The College Football Playoff Committee’s latest rankings will make for gloomy reading in Tuscaloosa — but how could it be otherwise? Following a defeat to Auburn that was significantly worse than the final score would suggest, the Tide’s chances of remaining within the top four were always remote, and perhaps even nonexistent. Alabama simply does not have a strength-of-schedule edge over the undefeated Wisconsin Badgers, and so #5 was the best the Tide could hope for.
Alabama’s playoff chances, it’s true, are not stone-dead. The Tide’s placement at #5 moved them onto life-support, and while the prognosis may be bad, it’s not yet fatal. Should Auburn, Clemson, TCU, and Ohio State all win this coming Saturday, the Tide can still make it. But even in that scenario, nothing is guaranteed. At the risk of hammering a point that will be made ad nauseum in the coming days, Nick Saban’s team does not have that one marquee win they can hold-up in the way Ohio State could last year following the Buckeyes’ victory over #3 Michigan. Outside of the loss to Auburn, nothing has held Alabama back this year quite like Florida State’s futility.
With the obvious exception of their Iron Bowl rivals, the principal benefactors of Alabama’s late season travails have been the Big Ten’s Ohio State and Wisconsin. A consensus appears to be forming that the winner of the Big Ten will make the playoff, even if that winner is a two-loss Ohio State. A key trend we have seen from this year’s committee is its propensity to emphasizes wins and shrug-off losses. Indeed, it’s possible, and perhaps even likely, that this year’s playoff will feature a pair of two-loss teams (to date, a two-loss program has never made the playoff). We were thus wrong to assume that the Buckeyes’ playoff chances died in Kinnick Stadium.
But although Ohio State is likely in control of its destiny, the inclusion of an 11-2 Buckeyes team should not be axiomatic. Where Alabama’s insipid resumé has been widely publicized, Ohio State’s has in large part gone unnoticed. A lot of this, of course, stems from the fact that the Buckeyes have spent the season on the periphery of the playoff conversation, thus escaping the level of “scheduling-scrutiny” to which Alabama has been incessantly subject. A critical look, however, at Ohio State’s schedule reveals a deficient resumé. In the months of September and October, the Buckeyes faced a five-game stretch containing Army, UNLV, Rutgers, Maryland, and Nebraska. This was by far the weakest five game stretch played by any contending team this year. Moreover, it’s worth keeping in mind that only four of Ohio State’s wins this year have come against teams with winning records. By contrast, Georgia has six wins against winning (FBS) teams; Alabama has five (plus one against 6-6 Ole Miss); and TCU also has four (along with wins against 6-6 Texas and Texas Tech).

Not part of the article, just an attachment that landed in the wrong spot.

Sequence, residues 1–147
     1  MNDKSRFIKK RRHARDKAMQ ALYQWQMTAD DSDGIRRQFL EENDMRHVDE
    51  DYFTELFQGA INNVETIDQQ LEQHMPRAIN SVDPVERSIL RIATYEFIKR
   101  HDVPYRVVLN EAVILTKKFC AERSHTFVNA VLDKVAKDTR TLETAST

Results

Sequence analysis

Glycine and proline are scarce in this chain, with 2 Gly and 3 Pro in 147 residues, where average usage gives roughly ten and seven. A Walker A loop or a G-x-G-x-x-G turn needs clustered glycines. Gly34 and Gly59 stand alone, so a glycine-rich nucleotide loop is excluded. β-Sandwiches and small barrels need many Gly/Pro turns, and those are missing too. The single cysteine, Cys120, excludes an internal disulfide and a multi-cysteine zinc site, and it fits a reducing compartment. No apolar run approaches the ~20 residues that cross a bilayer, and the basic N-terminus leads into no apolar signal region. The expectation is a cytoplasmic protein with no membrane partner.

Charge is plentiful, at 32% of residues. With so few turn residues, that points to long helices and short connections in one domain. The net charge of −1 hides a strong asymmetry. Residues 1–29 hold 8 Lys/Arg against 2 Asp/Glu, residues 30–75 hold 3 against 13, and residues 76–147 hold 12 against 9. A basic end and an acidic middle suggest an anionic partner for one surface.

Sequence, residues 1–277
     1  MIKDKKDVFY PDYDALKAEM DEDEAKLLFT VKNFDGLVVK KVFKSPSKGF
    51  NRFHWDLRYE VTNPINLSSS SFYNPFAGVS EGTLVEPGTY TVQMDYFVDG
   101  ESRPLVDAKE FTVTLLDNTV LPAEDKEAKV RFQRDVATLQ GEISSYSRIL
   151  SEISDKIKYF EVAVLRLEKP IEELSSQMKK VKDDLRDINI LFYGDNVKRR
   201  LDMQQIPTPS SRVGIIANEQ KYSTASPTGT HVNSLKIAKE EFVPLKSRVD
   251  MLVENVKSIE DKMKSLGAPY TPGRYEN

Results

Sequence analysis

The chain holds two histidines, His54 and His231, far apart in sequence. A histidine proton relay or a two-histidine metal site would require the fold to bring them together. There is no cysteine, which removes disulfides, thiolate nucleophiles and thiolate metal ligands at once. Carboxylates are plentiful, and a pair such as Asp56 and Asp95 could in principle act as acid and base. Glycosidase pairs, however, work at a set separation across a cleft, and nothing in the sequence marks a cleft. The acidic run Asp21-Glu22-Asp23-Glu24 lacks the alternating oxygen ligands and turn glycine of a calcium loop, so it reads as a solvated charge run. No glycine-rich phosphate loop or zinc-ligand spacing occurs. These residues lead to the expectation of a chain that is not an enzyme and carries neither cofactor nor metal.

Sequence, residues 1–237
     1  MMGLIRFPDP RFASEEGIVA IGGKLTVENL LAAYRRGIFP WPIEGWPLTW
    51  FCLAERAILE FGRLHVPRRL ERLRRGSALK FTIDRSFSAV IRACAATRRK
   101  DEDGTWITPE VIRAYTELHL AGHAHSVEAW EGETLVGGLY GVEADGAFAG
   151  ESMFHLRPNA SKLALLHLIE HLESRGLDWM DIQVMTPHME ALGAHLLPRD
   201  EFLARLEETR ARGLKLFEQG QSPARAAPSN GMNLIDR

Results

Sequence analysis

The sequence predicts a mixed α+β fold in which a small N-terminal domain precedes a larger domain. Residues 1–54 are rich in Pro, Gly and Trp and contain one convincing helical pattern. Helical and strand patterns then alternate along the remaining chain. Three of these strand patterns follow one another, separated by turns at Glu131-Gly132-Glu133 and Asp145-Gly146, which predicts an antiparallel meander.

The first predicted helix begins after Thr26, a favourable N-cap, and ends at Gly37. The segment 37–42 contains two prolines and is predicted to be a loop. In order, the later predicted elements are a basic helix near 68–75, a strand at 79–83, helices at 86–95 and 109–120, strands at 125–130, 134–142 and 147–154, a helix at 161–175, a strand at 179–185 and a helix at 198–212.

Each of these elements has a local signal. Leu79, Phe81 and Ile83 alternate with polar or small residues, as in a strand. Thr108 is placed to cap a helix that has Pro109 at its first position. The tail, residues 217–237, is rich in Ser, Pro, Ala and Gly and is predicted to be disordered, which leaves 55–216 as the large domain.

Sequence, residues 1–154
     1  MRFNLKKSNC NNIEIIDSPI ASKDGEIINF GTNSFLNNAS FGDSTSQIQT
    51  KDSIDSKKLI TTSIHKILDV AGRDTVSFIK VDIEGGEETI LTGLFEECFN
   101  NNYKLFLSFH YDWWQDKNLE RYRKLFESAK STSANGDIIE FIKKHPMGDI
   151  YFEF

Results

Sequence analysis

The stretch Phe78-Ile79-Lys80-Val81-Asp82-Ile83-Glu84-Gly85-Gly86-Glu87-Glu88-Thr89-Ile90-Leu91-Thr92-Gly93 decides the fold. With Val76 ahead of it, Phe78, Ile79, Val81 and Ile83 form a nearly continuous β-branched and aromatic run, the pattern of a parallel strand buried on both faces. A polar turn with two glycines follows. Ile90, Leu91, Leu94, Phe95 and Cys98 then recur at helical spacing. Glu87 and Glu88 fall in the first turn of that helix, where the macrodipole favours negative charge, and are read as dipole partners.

During the softer stretch of Ohio State’s season we were reminded that the Buckeyes still faced a late-season gauntlet containing Penn State, Iowa, and Michigan State — a run of games decidedly tough enough to compensate for the unconvincing nature of the team’s mid-season resumé. At the time, most presumed that Ohio State would have to win each of these games to be considered eligible for the playoff. So what changed?
In short, Georgia’s loss to Auburn and Notre Dame’s loss to Miami changed the landscape, and shifted the balance in the Buckeyes’ favour. In the space of a single day, Georgia’s playoff bid was shredded following the Bulldogs’ loss to Auburn and Notre Dame’s (Georgia’s signature win) loss in Miami. A consensus quickly formed that the SEC would be reduced to just a single entrant, and from there, the door swung open for Ohio State.
The problem with this is that — based on what we’ve seen — Georgia is better than Ohio State. The Bulldogs have a single 23 point road-loss to what could be the best team in the country. Ohio State has a 31 point road-loss to unranked Iowa. Georgia also has wins over ranked Notre Dame and Mississippi State, as well as over (8-4) South Carolina. While Ohio State’s wins against Penn State and Michigan State might be marginally more impressive, the Buckeyes are carrying that additional loss.
Should Georgia lose to Auburn on Saturday in a close one, the Bulldogs will be eliminated from playoff contention. Either one of Ohio State (assuming it gets past Wisconsin) or Alabama will take their place. While this would be an inevitability, it would also be an injustice. If it so transpires that Auburn is the best team in the country, Georgia will be eliminated by the sheer misfortune of facing the Tigers twice. Alabama — a team that failed to make it to the conference championship game — should certainly not replace a losing Georgia that was at least able to make it to Atlanta. But neither should Ohio State, irrespective of what they do against an unproven Wisconsin. Last year, Ohio State set the precedent for including teams that failed to win their conference. An objective assessment of landscape would suggest that Georgia ought to be primed to take advantage of such a precedent this year.
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